Using the four tips above, you can spend just a few hours (in total) to keep your online life safe and secure from prying eyes. Your Internet security can’t be 100% guaranteed because there are always more folks out there with creative (yet devious) minds who want your info, but keeping things under wraps will make it that much harder for them to be able to take advantage of you.

If you're looking for great anti-virus software that won't break the bank, try StopSign. You don't pay extra for tech support for difficult malware, and our web protection software just works. Download & install StopSign to find out why our members choose us over the other options.

Tax Scams to Look Out For This April 15th.

Tax Scams to Look Out For This April 15th.

A fool and his money are soon parted.

We’re definitely in the middle of tax time here in America, and most people are stressing about one of two things: how much they’re going to have to pay to Uncle Sam or how much he’s going to be giving back. No matter which camp you’re in, it’s always stressful to have to do a financial recap of your whole year while juggling receipts, donation stubs, and all the other joys of tax preparation.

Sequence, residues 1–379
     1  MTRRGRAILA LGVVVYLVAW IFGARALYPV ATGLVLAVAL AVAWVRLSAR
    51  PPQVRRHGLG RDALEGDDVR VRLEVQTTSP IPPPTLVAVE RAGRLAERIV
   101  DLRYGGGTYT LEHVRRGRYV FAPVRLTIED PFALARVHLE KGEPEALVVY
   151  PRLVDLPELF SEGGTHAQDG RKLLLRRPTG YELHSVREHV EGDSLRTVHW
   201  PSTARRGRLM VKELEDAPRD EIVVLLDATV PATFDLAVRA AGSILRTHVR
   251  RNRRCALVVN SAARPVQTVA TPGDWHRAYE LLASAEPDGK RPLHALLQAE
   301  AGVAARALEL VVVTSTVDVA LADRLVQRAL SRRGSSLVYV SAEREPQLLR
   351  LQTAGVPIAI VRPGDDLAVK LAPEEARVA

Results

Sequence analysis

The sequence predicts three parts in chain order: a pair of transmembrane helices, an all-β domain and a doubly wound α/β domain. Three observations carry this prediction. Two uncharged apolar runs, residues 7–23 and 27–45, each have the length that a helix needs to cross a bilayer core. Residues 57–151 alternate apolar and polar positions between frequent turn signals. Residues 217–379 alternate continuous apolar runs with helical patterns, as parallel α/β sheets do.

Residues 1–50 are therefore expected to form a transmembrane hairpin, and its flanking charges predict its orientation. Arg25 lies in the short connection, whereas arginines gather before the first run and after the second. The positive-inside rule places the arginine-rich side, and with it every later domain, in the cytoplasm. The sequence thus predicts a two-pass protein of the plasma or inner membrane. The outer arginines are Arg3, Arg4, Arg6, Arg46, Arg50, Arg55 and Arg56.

The last thing you want (or need) during tax time is to be hit with some kind of tax scam. You know what I’m talking about; you’ve probably heard your local news mention something about it in a blurb between stories.

I could probably give you a whole slew of advice on how to avoid tax scams like we did last year with our blog post about “IRS tax and refund scams“, but I’m going to be distilling it even further this year and only give you two. The number of tips may seem a little thin, but you’ll see that these two scams account for the majority of all phishing/etc. attempts at tax time.

  • Email scams: